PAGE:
The internet and mobile telephony provide tools for spreading news and anger nationally. The party has to work hard to make sure that they do not also help unite all these atomised grievances into a concerted movement. It has a lot of hammers and a lot of nails. But it is still hard to pin jelly to the wall.
The other reason for expecting change is that Mr Xi and his colleagues profess to know all this and to be serious about political reform. It has been a recurrent theme at the annual session of the National People’s Congress (NPC), China’s Potemkin parliament, under way this week. What looks like a serious purge on conspicuous consumption by freeloading officials suggests the party begins to get it. The “streamlining” of government by merging ministries shows a new willingness to take on powerful vested interests. Mr Xi has urged the party to be brave in tackling reform: “like gnawing at a hard bone and wading through a dangerous shoal” (chewing gum while walking is for wimps).
Reform, however, does not mean tampering with one-party rule. Rather, as Fu Ying, spokeswoman for the NPC, put it: political reform is “the self-improvement and development of the socialist system with Chinese characteristics”. Put another way, it is about strengthening party rule, not diluting it. Mr Xi seems to agree. A New York-based website, Beijing Spring, has published extracts of a speech he made on a tour of southern China late last year. He affirmed his belief in “the realisation of Communism”.
Democracy in China
Mr Xi also spelled out the lesson his party should draw from the failure of its Soviet counterpart: “we have to strengthen the grip of the party on the military.” He is right to pinpoint the willingness or not of the army to shoot people as the crucial difference between the Chinese and Soviet experiences. It is hard to think of a sobriquet Mr Xi would find more insulting than “China’s Gorbachev”. From where he sits, the career of Mikhail Gorbachev is an object lesson in failure.
There is a vogue in Chinese intellectual circles for reading Alexis de Tocqueville’s 1856 book on the French Revolution, “The Old Regime and the Revolution”. The argument that most resonates in China is that old regimes fall to revolutions not when they resist change, but when they attempt reform yet dash the raised expectations they have evoked. If de Tocqueville was right, Mr Xi faces an impossible dilemma: to survive, the party needs to reform; but reform itself may be the biggest danger. Perhaps he will see more fundamental political change as the solution. But then pigs will no longer rot in rivers. They will fly.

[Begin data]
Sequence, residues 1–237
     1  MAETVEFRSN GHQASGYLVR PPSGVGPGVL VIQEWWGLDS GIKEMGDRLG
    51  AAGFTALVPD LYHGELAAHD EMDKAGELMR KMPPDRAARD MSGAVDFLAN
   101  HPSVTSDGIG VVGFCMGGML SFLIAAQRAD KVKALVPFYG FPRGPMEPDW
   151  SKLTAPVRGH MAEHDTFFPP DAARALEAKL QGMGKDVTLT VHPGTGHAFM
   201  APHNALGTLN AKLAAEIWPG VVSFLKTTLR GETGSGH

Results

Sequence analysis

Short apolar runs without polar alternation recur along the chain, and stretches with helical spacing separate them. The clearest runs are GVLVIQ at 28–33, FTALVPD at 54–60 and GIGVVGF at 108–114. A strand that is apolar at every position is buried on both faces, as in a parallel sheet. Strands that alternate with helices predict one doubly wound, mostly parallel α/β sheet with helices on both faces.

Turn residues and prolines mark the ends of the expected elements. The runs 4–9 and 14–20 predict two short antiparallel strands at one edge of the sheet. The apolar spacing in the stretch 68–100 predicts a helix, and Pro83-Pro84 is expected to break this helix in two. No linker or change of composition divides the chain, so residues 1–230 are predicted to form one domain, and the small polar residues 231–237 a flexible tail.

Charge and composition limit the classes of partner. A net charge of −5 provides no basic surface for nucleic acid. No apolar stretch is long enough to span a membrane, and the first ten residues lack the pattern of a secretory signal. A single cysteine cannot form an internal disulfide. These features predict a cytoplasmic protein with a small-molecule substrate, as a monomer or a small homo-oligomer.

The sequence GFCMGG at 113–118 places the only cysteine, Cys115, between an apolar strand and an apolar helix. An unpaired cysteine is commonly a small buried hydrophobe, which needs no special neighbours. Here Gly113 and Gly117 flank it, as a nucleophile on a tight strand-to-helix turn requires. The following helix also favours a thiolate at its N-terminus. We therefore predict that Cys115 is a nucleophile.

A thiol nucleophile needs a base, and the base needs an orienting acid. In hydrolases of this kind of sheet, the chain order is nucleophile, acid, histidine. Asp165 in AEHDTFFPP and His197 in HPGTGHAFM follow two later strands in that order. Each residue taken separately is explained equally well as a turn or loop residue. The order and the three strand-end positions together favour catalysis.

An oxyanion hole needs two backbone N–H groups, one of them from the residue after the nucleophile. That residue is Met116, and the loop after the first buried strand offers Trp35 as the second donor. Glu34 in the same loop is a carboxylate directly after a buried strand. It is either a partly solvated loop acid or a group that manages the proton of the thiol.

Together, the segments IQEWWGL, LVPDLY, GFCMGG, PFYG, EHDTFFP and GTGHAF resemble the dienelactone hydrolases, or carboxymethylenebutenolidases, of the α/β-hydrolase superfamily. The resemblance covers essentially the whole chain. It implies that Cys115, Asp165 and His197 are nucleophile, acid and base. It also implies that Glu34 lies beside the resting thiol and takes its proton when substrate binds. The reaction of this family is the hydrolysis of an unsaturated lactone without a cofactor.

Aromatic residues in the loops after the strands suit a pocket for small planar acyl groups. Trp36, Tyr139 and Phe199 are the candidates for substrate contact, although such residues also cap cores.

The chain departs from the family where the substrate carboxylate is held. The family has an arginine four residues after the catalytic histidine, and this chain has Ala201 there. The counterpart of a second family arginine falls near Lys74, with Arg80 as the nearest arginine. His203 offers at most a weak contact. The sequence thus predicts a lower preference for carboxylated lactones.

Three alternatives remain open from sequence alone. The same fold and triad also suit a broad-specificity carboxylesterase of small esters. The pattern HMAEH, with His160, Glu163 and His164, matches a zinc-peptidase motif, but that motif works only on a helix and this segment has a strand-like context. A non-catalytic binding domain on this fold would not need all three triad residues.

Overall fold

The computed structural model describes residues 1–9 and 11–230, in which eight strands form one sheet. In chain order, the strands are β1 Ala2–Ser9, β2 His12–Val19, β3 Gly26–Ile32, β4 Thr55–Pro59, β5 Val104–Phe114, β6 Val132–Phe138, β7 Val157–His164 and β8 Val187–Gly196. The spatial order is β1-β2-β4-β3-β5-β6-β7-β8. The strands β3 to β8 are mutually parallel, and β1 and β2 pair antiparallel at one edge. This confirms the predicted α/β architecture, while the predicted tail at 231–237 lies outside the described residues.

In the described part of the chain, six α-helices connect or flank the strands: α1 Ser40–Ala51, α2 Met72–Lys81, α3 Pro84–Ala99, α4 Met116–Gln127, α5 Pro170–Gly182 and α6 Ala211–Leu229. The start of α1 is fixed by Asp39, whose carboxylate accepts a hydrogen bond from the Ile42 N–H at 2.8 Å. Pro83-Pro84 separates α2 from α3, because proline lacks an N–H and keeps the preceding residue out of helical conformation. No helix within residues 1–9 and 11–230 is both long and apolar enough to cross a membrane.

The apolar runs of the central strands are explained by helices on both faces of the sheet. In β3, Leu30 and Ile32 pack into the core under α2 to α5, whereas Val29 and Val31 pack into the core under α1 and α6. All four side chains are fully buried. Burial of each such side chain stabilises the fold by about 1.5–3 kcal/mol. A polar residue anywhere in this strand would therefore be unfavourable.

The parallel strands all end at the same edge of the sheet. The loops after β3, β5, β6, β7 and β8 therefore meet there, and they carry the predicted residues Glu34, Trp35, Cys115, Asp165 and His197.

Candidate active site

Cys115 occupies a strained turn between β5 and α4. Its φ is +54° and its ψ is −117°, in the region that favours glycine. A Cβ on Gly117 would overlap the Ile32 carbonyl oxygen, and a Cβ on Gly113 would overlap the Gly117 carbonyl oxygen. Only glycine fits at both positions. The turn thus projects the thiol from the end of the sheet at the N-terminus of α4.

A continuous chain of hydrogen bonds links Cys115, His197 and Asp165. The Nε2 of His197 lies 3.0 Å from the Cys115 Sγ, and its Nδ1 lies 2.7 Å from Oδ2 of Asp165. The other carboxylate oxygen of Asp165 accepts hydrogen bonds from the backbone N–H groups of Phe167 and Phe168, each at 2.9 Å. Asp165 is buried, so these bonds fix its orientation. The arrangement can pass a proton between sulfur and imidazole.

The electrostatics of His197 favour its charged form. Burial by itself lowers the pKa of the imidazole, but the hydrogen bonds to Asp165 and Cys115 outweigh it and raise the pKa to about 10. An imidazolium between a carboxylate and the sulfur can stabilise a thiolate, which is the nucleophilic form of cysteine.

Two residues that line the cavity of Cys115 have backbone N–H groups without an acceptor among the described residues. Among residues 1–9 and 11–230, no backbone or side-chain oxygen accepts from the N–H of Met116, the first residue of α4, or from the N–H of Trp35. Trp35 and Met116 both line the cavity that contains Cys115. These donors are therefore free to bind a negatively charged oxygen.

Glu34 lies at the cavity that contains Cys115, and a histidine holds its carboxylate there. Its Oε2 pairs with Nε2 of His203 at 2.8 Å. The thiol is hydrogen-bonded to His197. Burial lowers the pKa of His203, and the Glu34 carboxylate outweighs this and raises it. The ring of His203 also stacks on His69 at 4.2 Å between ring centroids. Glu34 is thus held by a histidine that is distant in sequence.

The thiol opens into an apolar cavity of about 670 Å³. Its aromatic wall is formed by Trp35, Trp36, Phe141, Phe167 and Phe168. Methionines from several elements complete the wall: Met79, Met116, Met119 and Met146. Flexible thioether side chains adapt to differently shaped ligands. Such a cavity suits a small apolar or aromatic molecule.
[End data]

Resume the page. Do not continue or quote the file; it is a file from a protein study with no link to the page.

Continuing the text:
China has the second-largest economy in the world. It is the world’s second-biggest trader. It has trillions of dollars invested around the world. China matters.
Every day we buy things made in China, though they may be made there by American or Dutch or Korean corporations. China buys a lot of our government’s debt and lately it has been buying small pieces of American companies and land. American companies can win or lose based on their strategies for doing business with China. Chinese students love our schools.
We gain much from the economic relationship. American consumers and companies chose to spend $400 billion in 2011 on goods made in China. China was the third-largest buyer of our exports, a source of strength for our economy. American companies looking for investors and American homeowners looking for buyers benefit from Chinese money coming to the U.S. Chinese tourists are visiting the U.S. in greater numbers.
The relationship also has serious problems. It’s not clear the Chinese government sees trade as a win–win—it seems to want China to always win more. Coming from a country where competition is mostly about politics, Chinese firms don’t always follow the rule of law. The U.S.–China economic relationship has many sides to it, and a few of them are a bit seedy.
Jobs Don’t Depend On China
A lot of talk about the People’s Republic of China (PRC) is a bit removed from the real world. But the big question is very real world: Does trade and investment with the PRC take jobs away from Americans? The answer is no, mostly. The Chinese government and Chinese enterprises do some things that cost American jobs. We need to deal with these things. But the idea that China is stealing millions of our jobs is wrong.